Boarded flight on time, arrived in Hartford around 10:30, luggage by 11, car by 11:15, home by 12:15am, quick shower to wash off hospital and airport (sorry forgot to take pictures), and bed by 1am.

Wed


Returned to office around 10am, spent most of the day on odds and ends. I bought a pack of 100 to-go cups to go with my single serve coffee maker. Today was a two-to-go-cup day.

Odds and Ends

Reviewed a printout of the next catalog we will distribute.

Reviewed a new DVD series we are selling - best sellers in our nursing series.

Collected, scanned and emailed some release forms for a competed project - one can never be too organized when keeping track of such important documents. We also sometimes collect tax forms for consultants, so a locked cabinet for sensitive documents is important.

Reviewed some stills from Tuesday's shoot - since we are making both a DVD and book, some high res stills will be important.

Confirmed with the surgeon our next shoot - one down, six to go. Our illustrator will join us next time.

Back to the Pancreas project - already discussed items on the to do list.

Also worked with our web designer on some updates to our website. Our site is both an e-commerce site where we sell our books and videos, as well as a newly expanded Services area to help generate new business, a video gallery and improved layout for product display. Launching sometime soon.

Thursday


I had a client scheduled for an edit session at 9:30am. I made a coffee to go and actually got to the office at 6:30 - tweaked some initial edits and did some further refining to prepare for the client. This is a promo video to be shown at a corporate event in the Fall.

Worked with client until about 1pm, then continued working on audio levels and color correction.

Afternoon conference call and some more Pancreas work.

Friday


Spent most of the day refining the video, adding supers and a snappy opening, and rendered a WMV for client review.

Did some more work on website redesign and some more odds and ends.

At the end of the day, packed up my editing computer for some weekend work - you guessed it, Pancreas! Sat in the wonderful daily traffic jam in Waterbury. Got home and discovered that some devilish creature had eaten my 6 beautiful eggplants growing in my patio garden. Blasted!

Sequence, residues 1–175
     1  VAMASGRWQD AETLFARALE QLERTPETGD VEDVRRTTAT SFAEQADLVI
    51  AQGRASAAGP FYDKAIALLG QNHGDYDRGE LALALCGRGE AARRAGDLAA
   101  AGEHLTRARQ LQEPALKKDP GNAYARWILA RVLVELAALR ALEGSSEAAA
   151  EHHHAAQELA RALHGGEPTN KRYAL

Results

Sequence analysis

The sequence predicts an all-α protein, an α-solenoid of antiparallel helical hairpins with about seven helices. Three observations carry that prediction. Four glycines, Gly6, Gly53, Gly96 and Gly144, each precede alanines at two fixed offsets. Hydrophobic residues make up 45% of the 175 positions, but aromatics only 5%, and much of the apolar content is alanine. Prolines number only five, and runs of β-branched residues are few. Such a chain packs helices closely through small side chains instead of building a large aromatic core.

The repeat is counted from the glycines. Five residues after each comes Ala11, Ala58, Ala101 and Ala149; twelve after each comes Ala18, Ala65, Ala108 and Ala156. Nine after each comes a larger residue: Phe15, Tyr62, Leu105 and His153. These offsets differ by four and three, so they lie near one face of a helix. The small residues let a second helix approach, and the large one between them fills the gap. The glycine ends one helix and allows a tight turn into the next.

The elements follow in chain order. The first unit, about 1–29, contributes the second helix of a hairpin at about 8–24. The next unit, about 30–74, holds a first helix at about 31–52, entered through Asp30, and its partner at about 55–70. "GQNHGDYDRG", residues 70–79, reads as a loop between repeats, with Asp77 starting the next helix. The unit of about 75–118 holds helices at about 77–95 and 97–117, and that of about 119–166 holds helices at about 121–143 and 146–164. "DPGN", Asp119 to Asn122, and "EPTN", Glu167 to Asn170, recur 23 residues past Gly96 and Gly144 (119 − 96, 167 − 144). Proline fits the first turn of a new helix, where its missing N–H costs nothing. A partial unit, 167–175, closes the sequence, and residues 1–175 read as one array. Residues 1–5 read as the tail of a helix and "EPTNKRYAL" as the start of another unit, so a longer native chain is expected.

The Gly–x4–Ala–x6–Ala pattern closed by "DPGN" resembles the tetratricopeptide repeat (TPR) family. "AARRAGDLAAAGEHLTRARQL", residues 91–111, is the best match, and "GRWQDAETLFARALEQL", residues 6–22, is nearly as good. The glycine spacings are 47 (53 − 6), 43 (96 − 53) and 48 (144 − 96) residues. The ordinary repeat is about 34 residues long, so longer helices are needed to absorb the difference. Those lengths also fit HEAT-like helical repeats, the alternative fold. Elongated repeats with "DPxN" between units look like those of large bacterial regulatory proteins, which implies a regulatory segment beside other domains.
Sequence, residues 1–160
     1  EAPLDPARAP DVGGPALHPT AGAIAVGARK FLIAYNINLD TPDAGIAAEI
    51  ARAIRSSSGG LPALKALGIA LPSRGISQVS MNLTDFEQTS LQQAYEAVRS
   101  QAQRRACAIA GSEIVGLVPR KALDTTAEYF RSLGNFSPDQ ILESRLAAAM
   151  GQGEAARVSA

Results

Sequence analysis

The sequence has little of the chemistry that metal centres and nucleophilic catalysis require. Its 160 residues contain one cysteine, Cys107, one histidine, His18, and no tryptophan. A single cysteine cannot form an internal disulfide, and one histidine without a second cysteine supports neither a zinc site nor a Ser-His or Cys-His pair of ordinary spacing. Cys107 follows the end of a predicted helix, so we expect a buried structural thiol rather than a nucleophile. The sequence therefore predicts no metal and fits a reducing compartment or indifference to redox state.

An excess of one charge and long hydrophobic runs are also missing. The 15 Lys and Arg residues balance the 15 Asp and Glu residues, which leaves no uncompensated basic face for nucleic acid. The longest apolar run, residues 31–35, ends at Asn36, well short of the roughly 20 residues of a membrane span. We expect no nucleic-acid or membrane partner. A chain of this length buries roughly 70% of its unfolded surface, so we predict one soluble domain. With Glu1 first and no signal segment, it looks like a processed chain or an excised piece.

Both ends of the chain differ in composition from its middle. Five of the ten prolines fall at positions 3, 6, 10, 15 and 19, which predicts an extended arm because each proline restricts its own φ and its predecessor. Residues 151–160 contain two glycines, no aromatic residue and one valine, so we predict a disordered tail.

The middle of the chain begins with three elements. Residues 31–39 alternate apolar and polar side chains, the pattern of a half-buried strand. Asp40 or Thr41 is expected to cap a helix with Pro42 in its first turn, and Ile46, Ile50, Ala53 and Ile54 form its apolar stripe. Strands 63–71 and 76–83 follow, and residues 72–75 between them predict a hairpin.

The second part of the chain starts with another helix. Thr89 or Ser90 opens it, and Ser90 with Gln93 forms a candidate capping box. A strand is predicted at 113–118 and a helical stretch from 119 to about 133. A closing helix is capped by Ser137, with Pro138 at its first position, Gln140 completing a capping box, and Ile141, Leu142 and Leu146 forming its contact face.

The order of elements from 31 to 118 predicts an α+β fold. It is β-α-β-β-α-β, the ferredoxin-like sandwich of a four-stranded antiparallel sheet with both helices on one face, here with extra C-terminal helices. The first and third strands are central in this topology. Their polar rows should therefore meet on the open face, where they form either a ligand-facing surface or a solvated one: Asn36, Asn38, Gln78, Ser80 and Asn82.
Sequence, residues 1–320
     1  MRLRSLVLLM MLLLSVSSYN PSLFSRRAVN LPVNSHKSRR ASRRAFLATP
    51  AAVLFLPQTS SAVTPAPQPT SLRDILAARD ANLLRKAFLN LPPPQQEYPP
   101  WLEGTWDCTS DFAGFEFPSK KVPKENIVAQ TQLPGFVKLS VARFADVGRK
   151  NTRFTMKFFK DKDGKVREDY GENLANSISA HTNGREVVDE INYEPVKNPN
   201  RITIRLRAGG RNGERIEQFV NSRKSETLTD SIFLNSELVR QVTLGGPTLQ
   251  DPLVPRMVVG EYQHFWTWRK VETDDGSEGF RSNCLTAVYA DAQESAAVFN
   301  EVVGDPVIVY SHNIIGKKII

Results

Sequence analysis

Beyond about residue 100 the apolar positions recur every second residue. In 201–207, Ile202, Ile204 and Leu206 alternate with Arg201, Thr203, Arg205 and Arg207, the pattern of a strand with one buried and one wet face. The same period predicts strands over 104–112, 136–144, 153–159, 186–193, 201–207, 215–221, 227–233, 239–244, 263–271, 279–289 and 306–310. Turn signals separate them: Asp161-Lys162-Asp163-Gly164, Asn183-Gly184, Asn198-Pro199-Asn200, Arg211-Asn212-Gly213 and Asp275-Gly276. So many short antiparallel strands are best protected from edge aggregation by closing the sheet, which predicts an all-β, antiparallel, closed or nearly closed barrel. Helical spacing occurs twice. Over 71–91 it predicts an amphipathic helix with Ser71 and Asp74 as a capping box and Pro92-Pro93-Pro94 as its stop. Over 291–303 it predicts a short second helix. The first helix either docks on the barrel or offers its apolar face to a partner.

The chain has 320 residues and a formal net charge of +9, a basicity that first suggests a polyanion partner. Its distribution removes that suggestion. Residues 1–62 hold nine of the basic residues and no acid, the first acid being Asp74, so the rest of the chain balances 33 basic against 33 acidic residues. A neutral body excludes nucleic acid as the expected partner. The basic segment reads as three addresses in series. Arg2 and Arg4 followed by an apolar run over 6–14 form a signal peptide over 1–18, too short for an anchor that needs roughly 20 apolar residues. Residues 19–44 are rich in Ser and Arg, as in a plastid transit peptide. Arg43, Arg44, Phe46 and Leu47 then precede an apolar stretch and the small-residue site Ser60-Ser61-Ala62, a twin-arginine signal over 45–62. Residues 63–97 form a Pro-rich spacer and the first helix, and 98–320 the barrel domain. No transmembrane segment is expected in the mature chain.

Well, they were looking good, as were the other plants.


Ode to a Lost Soul

Once you were young, but a seedling from Lowe's,
Then as you grew with your siblings beside you,
I knew you would make me a meal worth enjoying,
And would perhaps be worthy of prose.

As the weeks went by I fell deeper for you,
With your tender skin, your supple feel, your color,
I yearned for the day my lips would embrace,
The taste of your body in salad or stew.

Yet at last came the day my imagination had framed,
The breading prepared, the pasta al dente,
I opened the door to harvest your soul,
And all that I found was all that remained.

___________________

But if you leave town for a couple of days during a heat wave, not much you can do about it. Next year - bigger pots and perhaps a trickle watering system.

So to summarize, this week I was a project manager, a road warrior, a food connoisseur, a tourist, a surgical videographer, an editor, a client relationship manager, a still photographer, a poet and a coffee barista. What did you do today?!

Thanks for reading.

Mike Cohen


Posted by: Mike Cohen on Aug 13, 2010 at 6:07:48 pmComments (1) travel, workflow



I have a passion for my job, which entails training for medical professionals such as surgeons, nurses and administrators, not to mention various industries.

Technology is great, but how you apply your skills is what pays the bills.

Years ago I canceled my Media 100 support contract upon discovering what a treasure trove of helpful advice can be found on the Creative COW website. I am proud to be a part of this fantastic community.

In my blog I talk a little about media production, a lot about travel and workflow, and occasionally about cooking, nature and my four-legged friends.

Follow me on Twitter: med_ed_mike

I'm also on LinkedIn if you can't get enough of me!